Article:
The Democrats often campaign on gun control but never stop for a second to present a deeper analysis of what are the root causes of these persistent and seemingly chronic occurrences of mass shootings in America precisely because doing so would require adopting a critical attitude towards capitalism, which Biden, Pelosi and all the corporate politicians defend. Empty verbiage following each new shooting and increases in police budgets are the only significant actions taken by these figures.

The Democrats and Republicans have overseen 30 years’ worth of mass shootings while seeking to offset the decline of America’s economic dominance by deploying the military to kill millions and destroy entire societies in the Middle East, North Africa and Central Asia. This naked resort to violence and its presentation as an effective solution to the problems one faces has had its own nefarious effect at home.

Meanwhile, an understanding of gun violence must take into account the mental health crisis in the United States, of which mass shootings are often a symptom. The pandemic and the dislocation the homicidal response of capitalist governments has caused for billions of people around the globe has significantly intensified this health crisis.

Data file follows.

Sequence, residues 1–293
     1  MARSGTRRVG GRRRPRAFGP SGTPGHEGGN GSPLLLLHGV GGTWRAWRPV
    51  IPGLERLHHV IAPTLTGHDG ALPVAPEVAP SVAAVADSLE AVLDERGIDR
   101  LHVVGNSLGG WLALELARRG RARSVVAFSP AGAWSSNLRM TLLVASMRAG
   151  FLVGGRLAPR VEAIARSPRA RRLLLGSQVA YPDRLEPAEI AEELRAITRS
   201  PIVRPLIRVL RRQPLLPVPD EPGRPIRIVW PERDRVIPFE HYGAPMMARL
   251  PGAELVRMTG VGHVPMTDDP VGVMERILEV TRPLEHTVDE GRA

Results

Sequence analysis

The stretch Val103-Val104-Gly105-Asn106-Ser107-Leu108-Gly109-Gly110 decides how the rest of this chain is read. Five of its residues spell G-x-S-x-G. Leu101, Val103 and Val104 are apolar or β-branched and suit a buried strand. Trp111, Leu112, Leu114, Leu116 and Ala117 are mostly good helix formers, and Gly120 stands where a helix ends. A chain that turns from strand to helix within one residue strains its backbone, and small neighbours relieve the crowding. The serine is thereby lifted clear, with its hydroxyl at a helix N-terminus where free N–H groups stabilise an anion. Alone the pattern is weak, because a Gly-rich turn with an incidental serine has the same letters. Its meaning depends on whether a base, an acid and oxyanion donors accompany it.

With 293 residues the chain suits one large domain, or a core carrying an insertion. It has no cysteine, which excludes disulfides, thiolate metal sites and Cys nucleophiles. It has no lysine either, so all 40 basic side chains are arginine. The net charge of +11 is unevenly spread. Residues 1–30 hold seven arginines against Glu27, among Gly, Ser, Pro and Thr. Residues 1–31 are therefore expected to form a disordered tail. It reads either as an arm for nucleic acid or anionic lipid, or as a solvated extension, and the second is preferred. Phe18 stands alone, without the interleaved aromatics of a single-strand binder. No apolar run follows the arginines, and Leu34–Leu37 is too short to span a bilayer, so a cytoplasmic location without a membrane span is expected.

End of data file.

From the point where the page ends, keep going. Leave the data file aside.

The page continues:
In Sacramento, before being called off in a last-minute deal late Sunday night, nearly 5,000 teachers and school workers were on strike in the Sacramento City Unified School District over COVID-19 safety concerns, severe understaffing issues, low pay, and cuts to health care benefits. The teachers joined a growing strike wave which included Chevron refinery workers in Richmond, California, and other struggles across the country and world by workers who are demanding an increase in their living standards which have been eroded by inflation.

The only way out of the mass misery and death created by capitalism is for workers to link their struggles across industries and nations in a conscious struggle to take political power away from the corporate oligarchs who perpetuate this system and reorganize society to meet human need and not private profit.